By Abayomi Azikiwe
Romaine “Chip” Fitzgerald was a member of the Black Panther Party (BPP) in Los Angeles, California during 1969 when he was arrested and prosecuted under the federal government’s Counter-intelligence Program (COINTELPRO) designed to liquidate the threat of revolutionary organizations in the United States.
Fitzgerald recently died in detention at the age of 71 after serving nearly 52 years in the prison-industrial-complex where he witnessed the phenomenal growth within the inmate population over a period of five decades.
The BPP became a central focus of the Federal Bureau of Investigation (FBI) under former Director J. Edgar Hoover who had falsely declared the organization as the gravest threat to the national security of the U.S. Hoover had long been an advocate of racial segregation and anti-communism. He had vigorously spearheaded the investigations of communists and other radicals during the post-World War II period of the Cold War.
Prior to the late 1940s and 1950s, Attorney General A. Mitchell Palmer of the Justice Department had been a mentor of Hoover’s. Palmer, the successor to Attorney General Thomas Watt Gregory who had prosecuted opponents of World War I through the Espionage Act of 1917, had after the first imperialist conflagration, led a witch hunt which resulted in the arrests, detentions and deportations of thousands of activists beginning in 1919.
Later Hoover would establish the FBI as a separate entity which sought to collect information, investigate and prosecute those considered enemies of the status-quo. The COINTELPRO project was officially initiated in 1956 directed against the Communist Party and its allied groups. Nonetheless, with the rise of the Civil Rights and Black Power movements after the mid-1950s through the early 1970s, the disproportionate focus of the FBI was aimed at the destruction of the African American liberation struggle.
With specific reference to Fitzgerald, he was accused of involvement in the shooting of a California Highway Patrolman (CHP) in September 1969 after a traffic stop. Fitzgerald and one officer were injured in the incident while he was able to escape. Later in October, Fitzgerald was arrested in a BPP office and was later tried for the wounding of the CHP officer along with the murder of a private security guard outside a department store.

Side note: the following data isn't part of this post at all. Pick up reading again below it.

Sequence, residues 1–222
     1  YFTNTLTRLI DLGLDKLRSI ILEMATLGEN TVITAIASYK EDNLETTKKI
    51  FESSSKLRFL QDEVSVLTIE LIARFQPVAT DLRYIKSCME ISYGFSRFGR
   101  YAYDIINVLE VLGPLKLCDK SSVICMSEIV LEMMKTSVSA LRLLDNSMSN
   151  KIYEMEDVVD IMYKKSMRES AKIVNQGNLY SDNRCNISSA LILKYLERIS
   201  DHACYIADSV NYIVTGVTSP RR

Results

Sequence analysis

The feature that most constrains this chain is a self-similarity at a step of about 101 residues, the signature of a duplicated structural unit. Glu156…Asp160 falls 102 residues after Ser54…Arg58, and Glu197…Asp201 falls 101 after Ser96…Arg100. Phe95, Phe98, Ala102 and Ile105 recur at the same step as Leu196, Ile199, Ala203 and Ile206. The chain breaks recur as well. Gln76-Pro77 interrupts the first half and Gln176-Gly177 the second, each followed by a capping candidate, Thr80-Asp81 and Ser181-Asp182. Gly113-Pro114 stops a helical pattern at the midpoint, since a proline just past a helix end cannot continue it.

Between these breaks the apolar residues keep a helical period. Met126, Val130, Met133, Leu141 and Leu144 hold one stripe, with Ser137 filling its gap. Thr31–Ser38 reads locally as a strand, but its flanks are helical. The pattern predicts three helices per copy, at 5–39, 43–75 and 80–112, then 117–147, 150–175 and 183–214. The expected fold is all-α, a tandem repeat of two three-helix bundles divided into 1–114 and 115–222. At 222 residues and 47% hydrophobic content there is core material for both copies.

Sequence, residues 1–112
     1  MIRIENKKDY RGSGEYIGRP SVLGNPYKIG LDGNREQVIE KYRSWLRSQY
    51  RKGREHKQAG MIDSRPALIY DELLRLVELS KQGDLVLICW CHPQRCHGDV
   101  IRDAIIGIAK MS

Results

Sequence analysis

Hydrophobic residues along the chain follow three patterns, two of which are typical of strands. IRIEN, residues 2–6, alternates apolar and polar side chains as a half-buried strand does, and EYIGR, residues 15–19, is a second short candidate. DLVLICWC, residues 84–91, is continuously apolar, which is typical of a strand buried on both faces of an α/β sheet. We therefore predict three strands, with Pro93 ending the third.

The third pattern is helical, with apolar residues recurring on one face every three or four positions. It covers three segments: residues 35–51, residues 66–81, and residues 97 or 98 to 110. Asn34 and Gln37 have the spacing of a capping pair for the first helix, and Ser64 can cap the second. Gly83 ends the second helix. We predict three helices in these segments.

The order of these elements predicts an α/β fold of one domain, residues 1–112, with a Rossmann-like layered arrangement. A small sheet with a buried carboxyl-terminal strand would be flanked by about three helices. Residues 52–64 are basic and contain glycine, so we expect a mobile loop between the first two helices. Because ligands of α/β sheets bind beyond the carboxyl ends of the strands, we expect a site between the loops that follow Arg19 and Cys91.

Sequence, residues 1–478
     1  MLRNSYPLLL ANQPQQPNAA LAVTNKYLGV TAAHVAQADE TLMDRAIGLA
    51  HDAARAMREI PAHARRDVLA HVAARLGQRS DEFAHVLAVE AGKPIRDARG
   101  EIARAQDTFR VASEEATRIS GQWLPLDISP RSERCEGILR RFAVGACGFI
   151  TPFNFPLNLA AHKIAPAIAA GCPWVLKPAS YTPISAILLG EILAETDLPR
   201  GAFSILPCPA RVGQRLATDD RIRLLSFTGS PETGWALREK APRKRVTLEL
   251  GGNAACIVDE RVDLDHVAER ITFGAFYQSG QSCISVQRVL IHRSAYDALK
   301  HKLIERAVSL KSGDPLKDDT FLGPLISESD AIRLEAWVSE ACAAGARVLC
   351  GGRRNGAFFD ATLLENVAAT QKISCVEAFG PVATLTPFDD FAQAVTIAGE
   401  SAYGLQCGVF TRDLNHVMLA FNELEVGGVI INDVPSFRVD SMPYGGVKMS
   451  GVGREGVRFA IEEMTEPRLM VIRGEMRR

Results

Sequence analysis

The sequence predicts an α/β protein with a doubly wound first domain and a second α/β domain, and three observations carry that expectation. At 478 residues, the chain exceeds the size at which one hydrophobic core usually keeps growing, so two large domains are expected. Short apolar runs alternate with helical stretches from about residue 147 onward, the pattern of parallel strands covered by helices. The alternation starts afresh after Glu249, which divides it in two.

Evidence against Fitzgerald was lacking during the trial. He had others testify in the trial that he was not at the location of the robbing and killing of the security guard. However, largely as a result of the political bias against the BPP, he was convicted of murder and sentenced to the death penalty.
After 1972, when there was a U.S. Supreme Court decision which overturned capital punishment for four years, Fitzgerald was resentenced to two life terms in prison. He was repeatedly denied parole over the years yet in recent months due to his age and medical condition, was eligible for release.
Tragically enough Fitzgerald developed additional medical problems. He had suffered a stroke earlier and in recent months developed serious cardiovascular disease. His death came at a time when the plight of prisoners, particularly political detainees, has gotten considerable attention among social justice movements nationally and internationally.
According to a statement from Fitzgerald:
“The prison administrators and their advocates within the state want to create fear in the minds of the public in an effort to persuade the people to give state authorities carte blanche in the inhumane treatment of convicts and allow the prison administrators to operate without oversight and accountability.”
In an extended letter from him which reads like a poem, Fitzgerald contemplates his release from decades of imprisonment in the state of California. He says of his hopes in part that:
“I will welcome the warmth and laughter of my grandchildren. I look forward to their hugs and smiles. I will be the Grandpa present to soothe them through occasional scrapes after they show me their somersaults and expert bike riding maneuvers…. I will continue to appreciate the love and challenges of family. I imagine our dialogue will include our sense of community, our country, the world, our contributions and help to our neighborhoods and, of course, sharing my personal sorrows and hope. I will lead by example with spontaneous acts of love, compassion and kindness thereby demonstrating my belief in the transformation of others. I will enjoy volunteering in preschools and/or visiting the elderly in convalescent hospitals.”